After startup, with circuit 14 and interface circuit 10 operating in steady state, circuit 14 responds to the relevant signal at the ON/OFF terminal by providing a steady 0 v. to the gates of power FETs 50a and 50b as shown in FIG. 3, making power FETs 50a and 50b nonconductive. A full wave rectifier circuit 18 comprising resistors 43a and 43b and diode 45 charges capacitor 47. Resistors 43a and 43b may be quite large, on the order of a megohm, since FETs 40a and 40b require very little control current. The current provided by rectifier circuit 18 charges capacitor 47 to a level providing sufficient voltage for the gate terminals of power FETs 40a and 40b to cause power FETs 40a and 40b to conduct. Capacitor 47 may have a value on the order of 10 &mgr;fd. A voltage regulator circuit comprising a zener diode 27 and the voltage of approximate 3 v. provided at a 3 V CAP terminal of circuit 14 by the internal circuit 14 components, limits the voltage across capacitor 47. The 3 V CAP terminal forms a low DC power terminal at which circuit 14 provides a low level of 3 v. DC power for control circuit 16. Zener diode 27 may have a reverse voltage drop of around 39 v. with low zener current. The 3 v. potential at the 3 V CAP terminal plus the zener drop limits the voltage applied to the gate terminals of power FETs 40a and 40b to about 42 v. DC. The rectifier circuit 18 can charge capacitor 47 to a relatively high voltage. But as voltage rises at terminals 53a and 53b during a cycle, the voltage regulator circuit 18 functions to limit capacitor 47 voltage to the 3 v. plus the zener diode 27 drop.
With the voltage at the gate terminals of power FETs 40a and 40b held to around 42 v., the voltage at terminals 54a and 54b is held to somewhat less than that level. The actual voltage at terminals 54a and 54b depends on the characteristics of power FETs 40a and 40b. With the gate terminal voltage of FETs 40a and 40b nearly constant at about 42 v., the amount of impedance between the drain and source terminals of FETs 40a and 40b varies during a half cycle of the AC wave as FETs 40a and 40b operate in their linear range. The greater the difference between the source and gate (control) terminal voltage of say FET 40a, the lower is the impedance of the FET. As the instantaneous voltage of the AC wave increases, the voltage at terminals 54a and 54b rises as well, decreasing the voltage difference between the FET 40a and 40b gate and source terminals. This increases the impedance of FETs 40a and 40b, and the amount of voltage drop across them. As the terminals 54a and 54b voltages rise to within about 3 v. of the FET 40a and 40b gate voltages of about 42 v., power FETs 40a and 40b begin to operate in their linear range to limit the voltage at terminals 54a and 54b to a maximum peak voltage on the order of 39 v. at terminals 54a and 54b. This voltage wave approximates the 24 v. RMS (40 v. peak) applied to terminals 54a and 54b with load 20 unpowered when operating with the 24 v. AC power for which circuit 14 was originally designed. This voltage waveform is sufficiently close to a sine wave for normal operation by circuit 14. Thus, AC voltage of 117 v. or 230 v. at terminals 17a and 17b is clipped to a peak of approximately 40 v. AC at terminals 54a and 54b, see FIG. 3. One suitable device for zener diode 27 available from a number of manufacturers is identified as a type 1N4716 with the specified forward drop of 39 v. and a current capacity of 50 &mgr;amp. I prefer to connect zener diode 27 between the 3 V CAP terminal and the gates of power FETs 40a and 40b in order to scavenge for operating control circuit 16, any excess rectifier 18 current, thereby increasing capacity and efficiency of the FIG. 1 circuit. This scavenged current should be less than that required by control circuit 16. Diode 27 can also be connected to system common 12 with somewhat reduced capacity and efficiency, and in this case may have a reverse drop of 42 v.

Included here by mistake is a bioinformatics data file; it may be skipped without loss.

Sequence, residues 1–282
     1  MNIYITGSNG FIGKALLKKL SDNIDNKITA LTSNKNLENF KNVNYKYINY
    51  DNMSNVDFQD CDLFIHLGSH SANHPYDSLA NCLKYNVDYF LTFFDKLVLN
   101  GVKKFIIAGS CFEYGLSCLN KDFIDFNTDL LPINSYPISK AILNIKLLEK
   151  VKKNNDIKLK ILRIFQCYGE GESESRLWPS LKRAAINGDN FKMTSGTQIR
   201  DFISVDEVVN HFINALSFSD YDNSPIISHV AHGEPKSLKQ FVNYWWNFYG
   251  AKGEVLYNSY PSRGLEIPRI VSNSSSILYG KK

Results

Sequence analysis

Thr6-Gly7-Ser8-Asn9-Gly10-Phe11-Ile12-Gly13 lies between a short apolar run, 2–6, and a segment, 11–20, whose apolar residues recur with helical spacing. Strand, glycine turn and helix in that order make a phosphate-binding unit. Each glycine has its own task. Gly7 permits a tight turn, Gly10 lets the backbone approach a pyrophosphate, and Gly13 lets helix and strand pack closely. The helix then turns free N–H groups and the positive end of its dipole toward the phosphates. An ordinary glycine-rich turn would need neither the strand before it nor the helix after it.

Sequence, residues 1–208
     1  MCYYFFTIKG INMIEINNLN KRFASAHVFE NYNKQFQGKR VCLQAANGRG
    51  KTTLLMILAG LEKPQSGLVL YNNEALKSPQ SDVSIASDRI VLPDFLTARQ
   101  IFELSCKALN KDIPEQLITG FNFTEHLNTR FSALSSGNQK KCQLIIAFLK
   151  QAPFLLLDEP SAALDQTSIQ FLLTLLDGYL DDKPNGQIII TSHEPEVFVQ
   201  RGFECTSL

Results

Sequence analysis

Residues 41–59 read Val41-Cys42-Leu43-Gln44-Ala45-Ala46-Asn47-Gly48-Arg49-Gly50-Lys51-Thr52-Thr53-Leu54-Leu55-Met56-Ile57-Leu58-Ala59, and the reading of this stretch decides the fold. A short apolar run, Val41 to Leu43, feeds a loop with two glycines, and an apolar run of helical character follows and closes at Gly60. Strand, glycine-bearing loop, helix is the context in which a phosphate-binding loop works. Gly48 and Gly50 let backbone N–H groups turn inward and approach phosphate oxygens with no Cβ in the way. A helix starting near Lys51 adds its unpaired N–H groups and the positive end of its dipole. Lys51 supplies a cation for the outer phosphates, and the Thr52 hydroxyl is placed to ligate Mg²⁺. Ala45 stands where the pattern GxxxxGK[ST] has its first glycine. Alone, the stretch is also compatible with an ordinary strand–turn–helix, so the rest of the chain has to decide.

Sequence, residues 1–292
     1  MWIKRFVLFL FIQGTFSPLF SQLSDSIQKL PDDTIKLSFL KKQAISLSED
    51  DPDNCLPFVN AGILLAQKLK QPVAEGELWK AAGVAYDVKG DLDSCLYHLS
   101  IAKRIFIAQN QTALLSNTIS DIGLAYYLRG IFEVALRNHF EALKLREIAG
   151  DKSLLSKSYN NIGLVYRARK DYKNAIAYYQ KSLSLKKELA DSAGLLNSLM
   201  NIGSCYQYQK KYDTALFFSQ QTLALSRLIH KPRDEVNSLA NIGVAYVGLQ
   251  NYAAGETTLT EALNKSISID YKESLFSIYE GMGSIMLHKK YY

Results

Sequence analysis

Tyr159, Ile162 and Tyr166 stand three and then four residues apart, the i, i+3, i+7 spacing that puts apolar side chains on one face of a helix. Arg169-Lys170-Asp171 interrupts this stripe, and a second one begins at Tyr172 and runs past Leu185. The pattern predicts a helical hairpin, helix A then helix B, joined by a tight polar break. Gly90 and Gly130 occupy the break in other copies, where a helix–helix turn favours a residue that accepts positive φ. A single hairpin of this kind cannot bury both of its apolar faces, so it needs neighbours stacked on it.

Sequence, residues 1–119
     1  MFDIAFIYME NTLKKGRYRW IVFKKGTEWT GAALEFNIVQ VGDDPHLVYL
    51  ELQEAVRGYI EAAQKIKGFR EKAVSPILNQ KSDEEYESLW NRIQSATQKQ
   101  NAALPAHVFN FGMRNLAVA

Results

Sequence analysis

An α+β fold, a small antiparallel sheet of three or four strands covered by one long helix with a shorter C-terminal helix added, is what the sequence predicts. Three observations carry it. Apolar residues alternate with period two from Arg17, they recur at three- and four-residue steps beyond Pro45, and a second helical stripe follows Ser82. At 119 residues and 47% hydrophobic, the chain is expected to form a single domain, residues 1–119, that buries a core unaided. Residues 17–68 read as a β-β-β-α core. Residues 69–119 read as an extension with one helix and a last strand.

A capacitor 31 is connected between this 3 V CAP terminal and system common 12 to filter the 3 v. DC power and to serve as a power storage element. Circuit 14 operates to maintain at the 3 V CAP terminal, approximately 3 v. with a maximum current of perhaps 10-15 ma. available to power control circuit 16. DC current provided at the 3 V CAP terminal divides between control circuit 16 and capacitor 31, allowing for simultaneously operating circuit 16 and maintaining the charge on capacitor 31. The value of capacitor 31 may range from 0.1 to about 1000 &mgr;fd. Circuit 14 also provides 9 v. DC for internal circuitry in circuit 14 and for conduction voltage at the GATE 1 and GATE 2 terminals for the gates of FETs 50a and 50b. This 9 v. DC is externally available at a 9 V CAP terminal to allow external filtering and current storage by capacitor 29. The value of capacitor 29 may range between 0.1 and about 30 &mgr;fd.